POPULAR PHOTOGRAPHY will periodically list nationwide workshops. If you want your workshop listed, please send complete information at least three months prior to the registration date to: Workshops, POPULAR PHOTOGRAPHY. One Park Ave.
There are lots of devices you can use to process color prints. And, with a little luck and a reasonable amount of skill, all of them can be made to yield decent results. Some print-processing devices are cheap. Others are expensive. Some provide consistent results and others perform less repeatably.
Why and how to customize guide numbers and how to benefit from depth of illumination
Not enough photographers realize that manufacturers’ guide-number recommendations, or recommended f-stops with automatic electronic-flash units, may need “personalization” to fit their own requirements of correct exposure.
Color-film accuracy: it’s not 100 percent, but it’s good enough to fool some of us all of the time and all of us some of the time
Of all the wonders of the photographic system, film is perhaps the biggest wonder of all. The simplest black-andwhite film is so complex in its information-recording ability that the attempts to characterize it fully become quite involved.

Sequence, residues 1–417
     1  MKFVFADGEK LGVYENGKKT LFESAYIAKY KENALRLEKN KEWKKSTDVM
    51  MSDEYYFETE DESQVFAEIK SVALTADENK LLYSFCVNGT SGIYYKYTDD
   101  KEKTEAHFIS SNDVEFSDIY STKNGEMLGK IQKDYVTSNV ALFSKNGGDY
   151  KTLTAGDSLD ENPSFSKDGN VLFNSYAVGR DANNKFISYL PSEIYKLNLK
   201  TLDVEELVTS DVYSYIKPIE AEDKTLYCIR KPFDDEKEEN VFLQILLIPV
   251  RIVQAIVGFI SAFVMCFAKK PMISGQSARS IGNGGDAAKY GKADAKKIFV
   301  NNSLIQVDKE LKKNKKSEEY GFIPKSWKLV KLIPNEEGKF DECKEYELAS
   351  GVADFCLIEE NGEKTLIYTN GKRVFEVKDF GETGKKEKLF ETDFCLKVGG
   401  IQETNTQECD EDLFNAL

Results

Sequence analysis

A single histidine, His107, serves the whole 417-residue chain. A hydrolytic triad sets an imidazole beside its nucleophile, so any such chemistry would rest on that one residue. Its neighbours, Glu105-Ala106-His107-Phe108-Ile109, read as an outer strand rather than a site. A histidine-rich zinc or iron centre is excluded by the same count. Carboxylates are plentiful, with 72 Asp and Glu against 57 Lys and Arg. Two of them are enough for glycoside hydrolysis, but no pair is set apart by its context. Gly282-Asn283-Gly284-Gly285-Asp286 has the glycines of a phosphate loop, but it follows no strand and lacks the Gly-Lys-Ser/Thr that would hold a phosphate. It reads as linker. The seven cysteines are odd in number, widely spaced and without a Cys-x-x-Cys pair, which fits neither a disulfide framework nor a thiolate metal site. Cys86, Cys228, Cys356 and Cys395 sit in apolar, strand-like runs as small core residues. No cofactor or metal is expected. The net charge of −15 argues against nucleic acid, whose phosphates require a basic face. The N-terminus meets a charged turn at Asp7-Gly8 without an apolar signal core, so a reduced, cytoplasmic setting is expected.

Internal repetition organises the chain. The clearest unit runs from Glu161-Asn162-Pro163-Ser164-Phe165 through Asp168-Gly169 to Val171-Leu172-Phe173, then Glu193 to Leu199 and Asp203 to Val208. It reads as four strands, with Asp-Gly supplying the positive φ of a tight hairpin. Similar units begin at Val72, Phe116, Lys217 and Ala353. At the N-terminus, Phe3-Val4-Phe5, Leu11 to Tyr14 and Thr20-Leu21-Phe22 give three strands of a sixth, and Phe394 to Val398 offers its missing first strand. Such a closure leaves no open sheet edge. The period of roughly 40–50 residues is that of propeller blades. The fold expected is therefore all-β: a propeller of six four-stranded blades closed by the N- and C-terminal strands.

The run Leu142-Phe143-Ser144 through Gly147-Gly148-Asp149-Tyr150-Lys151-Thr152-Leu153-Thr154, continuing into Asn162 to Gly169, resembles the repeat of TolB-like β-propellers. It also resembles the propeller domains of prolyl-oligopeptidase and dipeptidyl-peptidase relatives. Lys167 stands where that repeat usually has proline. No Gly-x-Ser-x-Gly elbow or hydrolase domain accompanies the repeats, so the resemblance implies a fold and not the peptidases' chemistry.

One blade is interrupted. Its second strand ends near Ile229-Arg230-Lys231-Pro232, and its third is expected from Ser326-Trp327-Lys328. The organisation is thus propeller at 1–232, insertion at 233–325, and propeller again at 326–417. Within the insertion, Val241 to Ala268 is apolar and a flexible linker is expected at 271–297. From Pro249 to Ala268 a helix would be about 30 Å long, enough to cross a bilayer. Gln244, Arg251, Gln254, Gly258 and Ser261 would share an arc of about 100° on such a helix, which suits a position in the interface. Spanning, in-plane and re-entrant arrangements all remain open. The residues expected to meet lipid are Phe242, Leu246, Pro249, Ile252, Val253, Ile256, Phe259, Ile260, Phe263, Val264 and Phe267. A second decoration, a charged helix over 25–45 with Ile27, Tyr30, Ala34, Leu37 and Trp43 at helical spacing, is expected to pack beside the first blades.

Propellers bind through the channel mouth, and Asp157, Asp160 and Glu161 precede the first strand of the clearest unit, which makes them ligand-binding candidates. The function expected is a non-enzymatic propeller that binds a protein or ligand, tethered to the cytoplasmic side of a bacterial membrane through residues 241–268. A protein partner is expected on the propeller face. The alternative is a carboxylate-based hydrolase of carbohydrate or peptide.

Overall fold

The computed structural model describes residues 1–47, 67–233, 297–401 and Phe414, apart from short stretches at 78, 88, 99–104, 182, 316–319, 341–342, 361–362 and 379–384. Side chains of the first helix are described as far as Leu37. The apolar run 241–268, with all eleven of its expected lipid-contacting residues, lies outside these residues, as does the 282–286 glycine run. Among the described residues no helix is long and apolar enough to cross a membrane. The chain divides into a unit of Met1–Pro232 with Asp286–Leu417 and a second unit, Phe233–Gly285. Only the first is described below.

Cultivating— which is simply the turning or loosening of the soil by mechanical means in order to control weeds and aerate the soil— might seem to some to be the most prosaic of all vineyard operations. Yet, the truth is, we find its contribution to the production of fine wines far more complex than one might expect.
Agfamatic 4008 automatic pocket 110 has electronically controlled shutter for speeds of 1/500 to 30 sec, CdS-cell metering for films up to ASA 400, focusing from 3¼ ft. by symbols, 26-mm Color-Apotar f/6.3 lens, Sensor shutter-release button, and it accepts FlashBar and Agfamatic pocket Lux strobe.
Here’s a highly opinionated plea for more simplicity, sanity, and convenience. Impossible request? Read and decide
35-mm rangefinder cameras
35-mm single-lens reflexes
I’m talking about design for use, not the technological end: I'm a photographer, not an engineer. Camera design has come far since the 1940s, and the photographer makes fewer unnecessary motions while working, but there is still some cleaning up to do.